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HOW TO WRITE BY PROXY.-T. MOORE.
Mong our neighbors, the French, in the good olden time,
When nobility flourished, great barons and dukes Often set up for authors in prose and in rhyme,
But ne'er took the trouble to write their own books.
Poor wretches were found to do this for their betters;
And one day a bishop, addressing a blue, Said, Ma'am, have you read my new Pastoral Letters ?''
To which the blue answered, “ No, bishop: have you ?"
The same is now done by our privileged class;
And, to show you how simple the process it needs, If a great major general wishes to pass
For an author of history, thus he proceeds :
First, scribbling his own stock of notions as well
As he can, with a goose-quill that claims him as kin, He settles his neckcloth-takes snuff-rings the bell,
And yawningly orders a subaltern in.
The subaltern comes- sees his general seated,
In all the self-glory of authorship swelling ;" There, look,” saith his lordship,“ my work is completed;
It wants nothing now but the grammar and spelling."
Well used to a breach, the brave subaltern dreads
Awkward breaches of syntax a hundred times more; And, though often condemned to the breaking of heads,
He had ne'er seen such breaking of Priscian’s before.
However, the job's sure to pay—that's enough
So to it he sets with his tinkering hammer, Convinced that there never was job half so tough
As the mending a great major-general's grammar.
But, lo! a fresh puzzlement starts up to view
New toil for the sub.--for the lord, new expense;
'Tis discovered that mending his grammar won't do,
As the subaltern also must find him in sense!
At last, even this is achieved by his aid;
Friend Subaltern pockets the cash and the story; Drums beat-the new grand march of intellect 's played
And off struts my lord, the historian, in glory!
ADDRESS TO MY TEA-KETTLE.-HORACE SMITH.
LEAVING some operatic zany
Some learned singers, when they try
They, when their inward feelings boil,
You, when you 're chafed, but sing the more;
To hear their strains, one needs must bear
But thine, my mighty Philomel, -
Peace, home, content, tranquillity,
Others, of Bacchanalian life,
Those filled by you a balm bestow,
Then is thine inspiration seen,
For these, and more than I've related,
TANKARD, BILLY, OLDBUTTON AND PRY.
Tan. Well, Billy, only rid me of this intolerable Paul, and your wages shall mend. Here has this Mr. Pry, although he has an establishment of his own in the town, been living and sleeping here these six days! But I'm determined to get rid of him; and do you instantly go, Billy, and affront him; do anything with him, so as you make him turn his back upon the house. Eh, here's a coach driven up; it is surely Mr. Oldbutton; run, Billy, run. (Exit Billy.) Roaring times, these. (Billy enters, showing in Mr. Oldbutton.) Welcome, sir, most welcome to the Golden Chariot.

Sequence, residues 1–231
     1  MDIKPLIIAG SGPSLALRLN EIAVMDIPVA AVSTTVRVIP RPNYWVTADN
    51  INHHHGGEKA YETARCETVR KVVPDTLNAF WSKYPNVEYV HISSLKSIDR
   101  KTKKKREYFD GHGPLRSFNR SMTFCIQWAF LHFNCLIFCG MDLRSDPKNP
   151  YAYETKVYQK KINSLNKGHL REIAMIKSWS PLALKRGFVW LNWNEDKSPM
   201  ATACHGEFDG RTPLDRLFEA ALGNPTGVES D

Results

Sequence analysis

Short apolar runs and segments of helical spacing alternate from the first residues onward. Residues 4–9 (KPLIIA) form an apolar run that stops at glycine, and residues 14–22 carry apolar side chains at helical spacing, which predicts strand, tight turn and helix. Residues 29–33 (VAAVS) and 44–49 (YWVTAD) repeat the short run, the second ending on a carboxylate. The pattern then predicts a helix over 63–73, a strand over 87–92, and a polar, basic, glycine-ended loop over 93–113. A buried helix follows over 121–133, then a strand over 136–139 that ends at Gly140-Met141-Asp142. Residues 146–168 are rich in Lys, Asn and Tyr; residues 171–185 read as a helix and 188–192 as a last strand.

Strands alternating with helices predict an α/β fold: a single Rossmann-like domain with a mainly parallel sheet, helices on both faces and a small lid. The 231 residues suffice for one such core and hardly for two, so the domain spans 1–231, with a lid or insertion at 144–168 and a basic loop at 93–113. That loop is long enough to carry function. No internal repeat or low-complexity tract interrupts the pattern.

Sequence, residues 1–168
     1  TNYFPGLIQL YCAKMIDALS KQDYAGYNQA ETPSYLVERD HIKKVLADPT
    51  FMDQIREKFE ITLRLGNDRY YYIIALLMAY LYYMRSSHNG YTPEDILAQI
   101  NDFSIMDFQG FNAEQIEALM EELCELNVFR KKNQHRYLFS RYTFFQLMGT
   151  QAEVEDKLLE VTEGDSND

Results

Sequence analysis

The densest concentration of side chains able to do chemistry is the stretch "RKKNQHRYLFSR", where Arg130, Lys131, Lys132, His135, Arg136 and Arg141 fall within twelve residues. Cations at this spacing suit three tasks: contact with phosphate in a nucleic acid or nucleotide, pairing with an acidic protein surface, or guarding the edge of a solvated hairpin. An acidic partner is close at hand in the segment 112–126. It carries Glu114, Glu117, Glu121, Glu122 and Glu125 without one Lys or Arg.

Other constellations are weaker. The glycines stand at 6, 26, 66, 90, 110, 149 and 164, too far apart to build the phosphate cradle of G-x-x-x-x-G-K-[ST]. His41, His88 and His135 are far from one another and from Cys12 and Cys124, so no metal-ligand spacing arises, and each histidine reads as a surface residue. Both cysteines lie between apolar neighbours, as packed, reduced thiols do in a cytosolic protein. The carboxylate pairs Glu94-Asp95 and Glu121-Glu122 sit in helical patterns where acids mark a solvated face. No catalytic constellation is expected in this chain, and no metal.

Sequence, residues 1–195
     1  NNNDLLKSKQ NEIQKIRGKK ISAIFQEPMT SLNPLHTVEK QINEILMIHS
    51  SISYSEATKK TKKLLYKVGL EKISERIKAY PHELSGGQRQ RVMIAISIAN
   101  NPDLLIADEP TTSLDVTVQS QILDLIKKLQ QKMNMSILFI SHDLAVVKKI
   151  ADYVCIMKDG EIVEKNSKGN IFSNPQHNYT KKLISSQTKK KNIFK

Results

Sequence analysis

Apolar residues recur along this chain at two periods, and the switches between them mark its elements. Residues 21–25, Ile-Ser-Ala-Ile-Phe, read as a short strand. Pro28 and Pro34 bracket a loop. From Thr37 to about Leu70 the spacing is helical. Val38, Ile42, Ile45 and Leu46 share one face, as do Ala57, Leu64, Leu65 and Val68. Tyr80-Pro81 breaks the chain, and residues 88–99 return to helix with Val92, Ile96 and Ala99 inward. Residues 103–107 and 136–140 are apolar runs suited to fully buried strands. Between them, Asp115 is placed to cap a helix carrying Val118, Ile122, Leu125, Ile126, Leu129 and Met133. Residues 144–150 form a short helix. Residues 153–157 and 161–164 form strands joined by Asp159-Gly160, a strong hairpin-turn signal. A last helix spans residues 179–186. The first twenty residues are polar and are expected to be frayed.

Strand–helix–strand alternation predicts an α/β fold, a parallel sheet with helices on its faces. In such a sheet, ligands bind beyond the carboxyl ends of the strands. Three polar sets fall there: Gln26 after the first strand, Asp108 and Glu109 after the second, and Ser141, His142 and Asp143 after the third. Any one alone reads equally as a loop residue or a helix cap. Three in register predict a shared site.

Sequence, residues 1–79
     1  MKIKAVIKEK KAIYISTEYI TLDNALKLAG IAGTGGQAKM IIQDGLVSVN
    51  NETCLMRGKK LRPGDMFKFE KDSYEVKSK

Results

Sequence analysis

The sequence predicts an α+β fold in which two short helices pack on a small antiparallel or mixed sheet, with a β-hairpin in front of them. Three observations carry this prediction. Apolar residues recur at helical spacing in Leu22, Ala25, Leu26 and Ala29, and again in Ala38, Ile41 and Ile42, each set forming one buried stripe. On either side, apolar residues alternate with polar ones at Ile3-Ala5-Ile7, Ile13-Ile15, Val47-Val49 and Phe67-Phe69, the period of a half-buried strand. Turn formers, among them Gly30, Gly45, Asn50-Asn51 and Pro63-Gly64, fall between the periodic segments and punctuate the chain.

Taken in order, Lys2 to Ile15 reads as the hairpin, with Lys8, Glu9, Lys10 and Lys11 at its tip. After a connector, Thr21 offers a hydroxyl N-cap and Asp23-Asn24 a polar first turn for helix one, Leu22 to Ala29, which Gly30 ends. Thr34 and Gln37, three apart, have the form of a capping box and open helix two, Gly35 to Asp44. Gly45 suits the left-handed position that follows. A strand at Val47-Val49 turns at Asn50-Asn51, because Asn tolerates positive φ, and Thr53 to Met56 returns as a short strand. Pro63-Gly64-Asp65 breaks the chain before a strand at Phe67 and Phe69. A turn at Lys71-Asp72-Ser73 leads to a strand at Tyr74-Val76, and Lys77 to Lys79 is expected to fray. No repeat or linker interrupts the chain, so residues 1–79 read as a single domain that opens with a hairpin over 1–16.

Mr. Oldbutton. Landlord, I have some letters to answer ; which is my apartment?
Tan. Why, sir-confound that Paul Pry, he has the gentleman's room, and I can't get him out of it—why, sir, I did not expect you for some hours yet; if
'll have the kindness to step into this apartment for a few minutes, your own room shall be properly arranged. I really beg ten thousand
Mr. Old. No compliments, Mr. Landlord, and when you speak to me in future, keep yourself upright; I hate tradesmen with backs of whalebone.
Tan. Why, civility, Mr. Oldbutton
Mr. Old. Is this the room? (Tankard bows. Excit Oldbutton.)
Tan. Now such a customer would deeply offend a man, if he had not the ultimate satisfaction of making out his bill.
(Enter Billy.) Oh, you 've just come in time; ask no questions; there's Mr. Pry's room; if you get him out of the house, I'll raise your wages; if you do not, you shall go yourself; now you know the terms. (Exit.) Bill. Then it is either you or myself, Mr. Pry; so here goes.
(Enter Paul Pry.) Paul Pry. Hope I don't intrude; I say, Billy, who is that old gentleman, who just came in?
Bill. Old gentleman ?-why, there's nobody come in.
Bill. You saw him !-why, how could you see him, when there's no window in the room ?
Paul. I always guard against such an accident, and carry a gimblet with me. (Producing one.) Nothing like making a little hole in the wainsco.t.
Bill. Why, surely you haven't
Paul. It has been a fixed principle of my life, Billy, never to take a lodging or a house with a brick wall to it. I say, tell me,
who is he? Bill. (Aside.) Well, I'll tell him something. Why, if you must know, I think he's an army lieutenant, on half pay.
Paul. An army lieutenant! half pay! ah! that will never afford ribbons and white feathers.
Bill. Now, Mr. Pry, my master desires me to say, he can't accommodate you any longer; your apartment is wanted, and really, Mr. Pry, you can't think how much you 'll oblige me by going
Paul. To be sure, Billy, I wouldn't wish to intrude for the world-your master's doing a good deal of business in this house—what did he give for the good will of it?
Tan. (Without.) Billy!
Bill. There, now, I'm called—and I've to make ready the room for the Freemasons, that meet to-night-they that wouldn't admit you into their society.
Paul. Yes, I know; they thought I should intrude.
Re-enter Paul Pry.) Paul. An army lieutenant! Who can it be? I shouldn't wonder if it's Mrs. Thomas' husband; who, she says, was killed in India! If it should be, it will break off her flirting with Mr. Cinnamon, the grocer; there's pretty doings in that quarter, for I caught the rheumatism watching them in a frosty night last winter! An army lieutenant ! Mr. Thomas has a daughter; I'll just peep through the key-hole, and see if there's a family likeness between them. (Goes to the door and peeps.) Bless me! why, there certainly is something about